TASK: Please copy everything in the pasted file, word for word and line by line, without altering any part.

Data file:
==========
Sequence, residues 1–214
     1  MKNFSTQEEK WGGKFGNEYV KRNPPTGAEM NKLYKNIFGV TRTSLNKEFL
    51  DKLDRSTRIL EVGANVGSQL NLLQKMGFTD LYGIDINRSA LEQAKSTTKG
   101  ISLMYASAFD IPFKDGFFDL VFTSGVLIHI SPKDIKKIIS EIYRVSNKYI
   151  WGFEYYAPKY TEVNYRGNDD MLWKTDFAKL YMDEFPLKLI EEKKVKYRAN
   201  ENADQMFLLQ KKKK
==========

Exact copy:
Sequence, residues 1–214
     1  MKNFSTQEEK WGGKFGNEYV KRNPPTGAEM NKLYKNIFGV TRTSLNKEFL
    51  DKLDRSTRIL EVGANVGSQL NLLQKMGFTD LYGIDINRSA LEQAKSTTKG
   101  ISLMYASAFD IPFKDGFFDL VFTSGVLIHI SPKDIKKIIS EIYRVSNKYI
   151  WGFEYYAPKY TEVNYRGNDD MLWKTDFAKL YMDEFPLKLI EEKKVKYRAN
   201  ENADQMFLLQ KKKK